The United Nations says national plans and the arrival of leaders also reflect growing government confidence in the global response by tens of thousands of companies and investors and thousands of mayors and regional governments who have announced their commitment to the essential economic and social transformation to low-carbon, sustainable growth and development.
The hope is that fulfilling this huge and gathering global response from all levels of government, business and investment will keep the world within affordable reach of staying below a 2°C (Celsius) temperature above pre-industrial levels, the internationally-agreed defense line against the worst climate impacts.
“It’s nice for people to talk about two degrees,” says Bill Gates, Microsoft founder and philanthropist. “But we don’t even have the commitments that are going to keep us below four degrees of warming.”
The hottest year since records began was 2014; while average surface air temperatures so far this decade are about 0.9°C higher than they were in the 1880s.
The Economist says that the International Energy Agency, a think-tank, estimates that 13.5% of the world’s primary energy supply was produced from renewable sources in 2013. However, almost three-quarters of this renewable energy came from what are euphemistically known as “biofuels.”— mostly burning wood, dung and charcoal in poor countries. Hydro-electric power was the world’s second most important source of renewable energy. Nuclear power, which is green but not renewable, supplied 5% of energy needs, and falling. Wind turbines, solar farms, tidal barriers, geothermal power stations and the like produced just 1.3% between them.
Changes in the atmospheric level of carbon dioxide, the biggest contributor to global warming, persist for centuries. So it is useful to imagine that mankind has a fixed carbon budget to burn through. Pierre Friedlingstein, a climatologist at Exeter University, calculates that if temperature rises are to be kept below 2°C, the world can probably emit about 3,200 gigatonnes of carbon dioxide in total. The tally so far is 2,000 gigatonnes. If annual emissions remain at present levels, the budget will be exhausted in just 30 years’ time.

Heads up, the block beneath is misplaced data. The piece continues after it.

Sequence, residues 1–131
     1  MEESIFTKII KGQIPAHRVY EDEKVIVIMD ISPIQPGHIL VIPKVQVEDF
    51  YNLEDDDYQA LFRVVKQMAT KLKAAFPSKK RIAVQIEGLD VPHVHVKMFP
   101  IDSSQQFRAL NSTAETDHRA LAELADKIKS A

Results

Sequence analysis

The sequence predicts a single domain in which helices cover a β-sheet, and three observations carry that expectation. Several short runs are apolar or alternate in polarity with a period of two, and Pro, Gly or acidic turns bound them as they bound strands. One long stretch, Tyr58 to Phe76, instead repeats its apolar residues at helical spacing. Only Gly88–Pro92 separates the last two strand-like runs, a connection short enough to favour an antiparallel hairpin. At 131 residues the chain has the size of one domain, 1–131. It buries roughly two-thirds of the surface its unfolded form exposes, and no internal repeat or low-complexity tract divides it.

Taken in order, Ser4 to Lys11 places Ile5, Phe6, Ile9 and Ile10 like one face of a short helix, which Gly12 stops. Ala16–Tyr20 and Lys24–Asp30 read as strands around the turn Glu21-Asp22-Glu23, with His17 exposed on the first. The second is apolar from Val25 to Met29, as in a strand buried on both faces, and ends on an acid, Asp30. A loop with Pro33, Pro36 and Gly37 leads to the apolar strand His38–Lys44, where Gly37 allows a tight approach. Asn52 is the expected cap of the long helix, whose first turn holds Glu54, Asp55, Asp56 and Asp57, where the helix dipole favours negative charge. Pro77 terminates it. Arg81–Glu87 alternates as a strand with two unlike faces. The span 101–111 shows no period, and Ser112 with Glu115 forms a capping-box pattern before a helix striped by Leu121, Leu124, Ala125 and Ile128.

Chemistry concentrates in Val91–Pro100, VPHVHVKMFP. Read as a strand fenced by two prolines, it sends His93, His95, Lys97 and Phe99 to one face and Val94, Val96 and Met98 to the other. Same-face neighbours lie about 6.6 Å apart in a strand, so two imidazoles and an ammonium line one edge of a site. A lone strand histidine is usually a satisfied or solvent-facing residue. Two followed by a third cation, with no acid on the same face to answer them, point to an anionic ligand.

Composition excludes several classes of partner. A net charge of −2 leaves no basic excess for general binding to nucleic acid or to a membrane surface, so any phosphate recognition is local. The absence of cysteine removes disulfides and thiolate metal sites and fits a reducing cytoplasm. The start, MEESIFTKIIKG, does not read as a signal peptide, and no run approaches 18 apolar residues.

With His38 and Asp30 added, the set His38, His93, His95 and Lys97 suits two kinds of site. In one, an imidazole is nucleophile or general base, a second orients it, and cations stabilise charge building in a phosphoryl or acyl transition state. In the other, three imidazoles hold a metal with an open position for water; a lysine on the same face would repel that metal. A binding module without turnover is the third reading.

The amount of carbon dioxide in the atmosphere has risen by 25% since 1958, and by about 40% since the Industrial Revolution.
1) On the eve of the opening in Paris of the United Nations climate change conference, widely known as COP21, Ban Ki-moon, UN secretary-general, urged all countries and all sectors of society to act now to reach a new universal climate agreement.
2)NOAA(US National Oceanic and Atmospheric Administration) says the amount of carbon dioxide in the atmosphere has risen by 25% since 1958, and by about 40% since the Industrial Revolution.
3) NASA says Qori Kalis is the largest outlet glacier of the world’s largest tropical ice cap, the Quelccaya Ice Cap, which lies on a plateau 18,670 feet (5,691 meters) high in the Andes mountains of south central Peru. In 1978, the glacier was still advancing. By 2011, the glacier had retreated completely back on the land, leaving a lake some 86 acres in area and about 200 feet (60 meters) deep.
As world leaders gather in Paris to broker a new climate deal, Martin Wolf, FT chief economics commentator, talks to environment correspondent Pilita Clark about the limitations of the talks and the precautionary case for acting on global warming.